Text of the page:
Finally, on Bank Holiday Monday, we welcomed to the Rectory fifty-nine Skingleys (or descended-from-Skingleys) and their spouses and offspring. The sun shone all day (which was just as well - it would have been terribly crowded in the house!); photos were taken, addresses exchanged, huge printouts of family trees examined (one of which was twenty-five feet long) - and a good time was had by all. It was a very, very special event for us, and wonderful to meet Geoff and Eleanor, who were delightful guests and helpers in all the complex arrangements. It'll need to be the Albert Hall next time - or perhaps the millennium dome...
Cassie's freelancing work continued for most of the year, covering a wide variety of assignments. Working for Managing Development, helping them with their new computer system (which turned out to be one of the most stressful tasks ever - acting as translator between the techies and the office staff); various aspects of secretarial work and leaflet design; genealogy (yes, she gets paid for it occasionally - taking her variously to the heart of the London record offices and up to the wilds of Yorkshire); and some consultancy for new computer users.
This was interspersed with periods of temping, and finally a return to so-called "normal" employment. Freelancing is highly enjoyable, but the periods without work started to get a bit hard on the nerves - and the bank account - so when a position was advertised at Epsom & Ewell Borough Council for somebody to work in the IT department as a troubleshooter, it seemed like a good idea.
Having got to second interview stage, they gave the job to somebody else, but then telephoned to say "we've something else we want you to look at"... Since November 1st, Cassie has been working as "Administrative Consultant" - for which read maverick - in Central Services of the Town Clerk & Chief Executive's department. Organisation and troubleshooting, including sorting out the machinations of the new Data Protection Act - thrilling stuff! The job, however, is very enjoyable, and the people are lovely. Not to mention the fact that this is being typed on the laptop they've lent her for the weekend to make best use of a very long train journey (of which more later) - can't be bad. Oh, and whilst we're taking on new jobs - she's also started selling clothes. Weekenders is a rather nice range of co-ordinated pieces which she's been buying for ages for herself - and now is selling to other people at evening parties!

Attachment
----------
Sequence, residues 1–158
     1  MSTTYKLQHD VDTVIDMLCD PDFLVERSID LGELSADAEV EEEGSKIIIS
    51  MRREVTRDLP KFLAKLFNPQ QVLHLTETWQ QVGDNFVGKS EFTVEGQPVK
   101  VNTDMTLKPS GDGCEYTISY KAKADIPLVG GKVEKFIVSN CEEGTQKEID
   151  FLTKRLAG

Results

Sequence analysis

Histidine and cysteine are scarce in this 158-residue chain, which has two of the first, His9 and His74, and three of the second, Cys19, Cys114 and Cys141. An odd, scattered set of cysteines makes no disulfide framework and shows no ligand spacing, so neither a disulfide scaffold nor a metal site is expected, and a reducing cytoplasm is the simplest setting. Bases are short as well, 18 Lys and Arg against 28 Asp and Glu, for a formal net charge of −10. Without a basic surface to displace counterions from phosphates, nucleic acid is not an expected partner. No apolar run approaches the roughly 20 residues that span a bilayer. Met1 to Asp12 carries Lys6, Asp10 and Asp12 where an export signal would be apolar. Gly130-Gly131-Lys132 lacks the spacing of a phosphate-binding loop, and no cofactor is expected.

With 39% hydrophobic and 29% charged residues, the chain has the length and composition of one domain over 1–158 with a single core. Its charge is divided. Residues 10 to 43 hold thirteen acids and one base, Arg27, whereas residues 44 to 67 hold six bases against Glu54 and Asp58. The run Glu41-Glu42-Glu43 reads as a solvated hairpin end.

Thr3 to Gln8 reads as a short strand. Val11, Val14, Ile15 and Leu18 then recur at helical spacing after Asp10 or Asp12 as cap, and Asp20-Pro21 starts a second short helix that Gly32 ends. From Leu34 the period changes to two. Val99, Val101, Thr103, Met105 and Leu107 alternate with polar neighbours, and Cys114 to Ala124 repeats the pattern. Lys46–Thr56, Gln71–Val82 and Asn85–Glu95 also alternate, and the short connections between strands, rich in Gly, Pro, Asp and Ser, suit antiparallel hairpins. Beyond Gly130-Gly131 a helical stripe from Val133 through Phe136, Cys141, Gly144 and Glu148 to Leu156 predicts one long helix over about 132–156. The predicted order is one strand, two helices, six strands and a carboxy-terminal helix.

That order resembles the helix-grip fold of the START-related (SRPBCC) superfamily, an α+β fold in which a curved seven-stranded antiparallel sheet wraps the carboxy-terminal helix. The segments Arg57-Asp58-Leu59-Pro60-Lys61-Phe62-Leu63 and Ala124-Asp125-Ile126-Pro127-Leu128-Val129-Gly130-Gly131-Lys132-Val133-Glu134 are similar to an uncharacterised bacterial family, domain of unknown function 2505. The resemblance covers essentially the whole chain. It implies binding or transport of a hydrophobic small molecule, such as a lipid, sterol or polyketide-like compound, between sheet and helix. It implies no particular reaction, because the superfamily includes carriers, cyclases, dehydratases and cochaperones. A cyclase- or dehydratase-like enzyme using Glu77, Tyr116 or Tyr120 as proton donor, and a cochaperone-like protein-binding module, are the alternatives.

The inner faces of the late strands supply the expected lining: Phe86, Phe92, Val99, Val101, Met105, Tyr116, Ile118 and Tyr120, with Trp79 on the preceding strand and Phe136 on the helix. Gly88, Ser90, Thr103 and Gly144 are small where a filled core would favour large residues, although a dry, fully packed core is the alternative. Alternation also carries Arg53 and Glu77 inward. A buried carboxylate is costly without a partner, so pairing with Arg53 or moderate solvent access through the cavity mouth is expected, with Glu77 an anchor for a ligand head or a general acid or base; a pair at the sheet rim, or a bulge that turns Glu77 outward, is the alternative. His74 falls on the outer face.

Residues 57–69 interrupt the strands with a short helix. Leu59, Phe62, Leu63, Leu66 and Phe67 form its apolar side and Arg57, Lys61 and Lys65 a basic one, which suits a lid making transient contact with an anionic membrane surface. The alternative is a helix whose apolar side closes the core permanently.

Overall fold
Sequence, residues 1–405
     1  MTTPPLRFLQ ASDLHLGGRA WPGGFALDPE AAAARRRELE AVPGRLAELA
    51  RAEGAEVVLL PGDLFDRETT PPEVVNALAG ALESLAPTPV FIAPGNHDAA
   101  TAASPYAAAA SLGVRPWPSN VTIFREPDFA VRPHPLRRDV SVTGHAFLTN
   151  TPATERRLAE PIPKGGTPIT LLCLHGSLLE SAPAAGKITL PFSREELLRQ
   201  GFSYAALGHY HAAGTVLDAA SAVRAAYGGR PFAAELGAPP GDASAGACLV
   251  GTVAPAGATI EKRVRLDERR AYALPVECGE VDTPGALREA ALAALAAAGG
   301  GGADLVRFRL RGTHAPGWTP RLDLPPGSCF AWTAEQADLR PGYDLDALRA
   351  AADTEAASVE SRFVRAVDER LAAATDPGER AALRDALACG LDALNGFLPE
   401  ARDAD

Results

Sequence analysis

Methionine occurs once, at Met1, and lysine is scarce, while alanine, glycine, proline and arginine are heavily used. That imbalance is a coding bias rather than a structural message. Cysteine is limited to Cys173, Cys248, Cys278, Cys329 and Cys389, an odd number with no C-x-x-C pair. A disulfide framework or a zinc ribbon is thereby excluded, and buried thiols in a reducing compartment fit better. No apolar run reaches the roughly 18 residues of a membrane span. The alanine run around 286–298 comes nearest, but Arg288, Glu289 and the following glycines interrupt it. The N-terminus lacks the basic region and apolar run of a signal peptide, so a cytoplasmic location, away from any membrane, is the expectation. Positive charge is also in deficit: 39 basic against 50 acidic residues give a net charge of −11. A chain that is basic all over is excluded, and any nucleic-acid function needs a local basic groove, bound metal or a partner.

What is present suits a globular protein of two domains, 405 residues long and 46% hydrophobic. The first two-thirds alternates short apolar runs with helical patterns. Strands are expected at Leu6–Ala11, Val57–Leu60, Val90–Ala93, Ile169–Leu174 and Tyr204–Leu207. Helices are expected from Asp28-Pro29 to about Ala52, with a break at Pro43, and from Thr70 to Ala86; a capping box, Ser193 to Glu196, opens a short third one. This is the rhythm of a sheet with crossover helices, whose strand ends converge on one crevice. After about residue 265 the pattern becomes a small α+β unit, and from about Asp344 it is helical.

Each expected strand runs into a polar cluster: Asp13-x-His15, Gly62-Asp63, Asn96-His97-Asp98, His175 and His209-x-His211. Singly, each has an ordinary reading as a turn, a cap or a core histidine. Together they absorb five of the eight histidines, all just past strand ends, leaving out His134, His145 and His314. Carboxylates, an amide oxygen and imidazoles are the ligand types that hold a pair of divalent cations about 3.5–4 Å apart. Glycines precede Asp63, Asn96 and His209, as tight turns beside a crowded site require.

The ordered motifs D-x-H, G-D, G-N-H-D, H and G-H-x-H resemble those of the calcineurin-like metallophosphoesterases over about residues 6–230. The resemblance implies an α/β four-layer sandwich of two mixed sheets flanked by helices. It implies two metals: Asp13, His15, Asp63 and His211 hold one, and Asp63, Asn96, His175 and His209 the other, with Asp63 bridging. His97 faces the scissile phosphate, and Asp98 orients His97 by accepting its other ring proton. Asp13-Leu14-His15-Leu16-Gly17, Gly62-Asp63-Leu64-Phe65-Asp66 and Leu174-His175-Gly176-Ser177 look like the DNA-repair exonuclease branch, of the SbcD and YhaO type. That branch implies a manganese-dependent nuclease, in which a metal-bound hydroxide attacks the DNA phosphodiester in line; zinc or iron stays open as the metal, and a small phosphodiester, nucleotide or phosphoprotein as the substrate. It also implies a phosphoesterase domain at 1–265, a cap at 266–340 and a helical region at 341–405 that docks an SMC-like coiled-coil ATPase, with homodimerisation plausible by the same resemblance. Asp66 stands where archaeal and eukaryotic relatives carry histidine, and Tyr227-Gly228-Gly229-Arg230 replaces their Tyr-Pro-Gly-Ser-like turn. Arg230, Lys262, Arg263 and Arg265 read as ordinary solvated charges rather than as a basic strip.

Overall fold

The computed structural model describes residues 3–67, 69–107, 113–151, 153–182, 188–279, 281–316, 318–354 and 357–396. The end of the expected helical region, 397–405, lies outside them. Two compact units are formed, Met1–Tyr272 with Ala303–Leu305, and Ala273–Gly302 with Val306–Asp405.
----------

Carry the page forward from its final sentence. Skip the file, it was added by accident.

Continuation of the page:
So what about the rest of the family? Cassie's sister (who you may remember was not a little surprised by Cassie's visit to Spain last year) is very happy with Carl and baby Jack, who is now just over a year old. According to friends who have visited recently, he's "an edible baby"...
Sadly, Cassie's father has yet to meet his grandson. Dad doesn't travel in aeroplanes - it's his one real phobia - and because of difficulties and delays over registering Jack with his dual nationality, the baby doesn't at the time of writing have his own passport - therefore can't yet visit England.
Dad has had a pretty poor year of it in any case; he paid to have one hip replaced privately back in May, but has to rely on the NHS for the other one, which is now just as bad - and is still waiting. He's unlikely to get a hospital bed before Spring 2000, so is still on crutches. However, he keeps amazingly cheerful and busy, works around the house on various projects - and continues to make his amazing wine... Mum is in good health, but life is rather difficult with Dad's incapacity, especially since Mum doesn't drive. (Fortunately, driving is one thing that Dad can do comfortably.) They're coming to the Rectory for Christmas, which is great - Dad's being brave and says he'll make it upstairs if it's only for one night!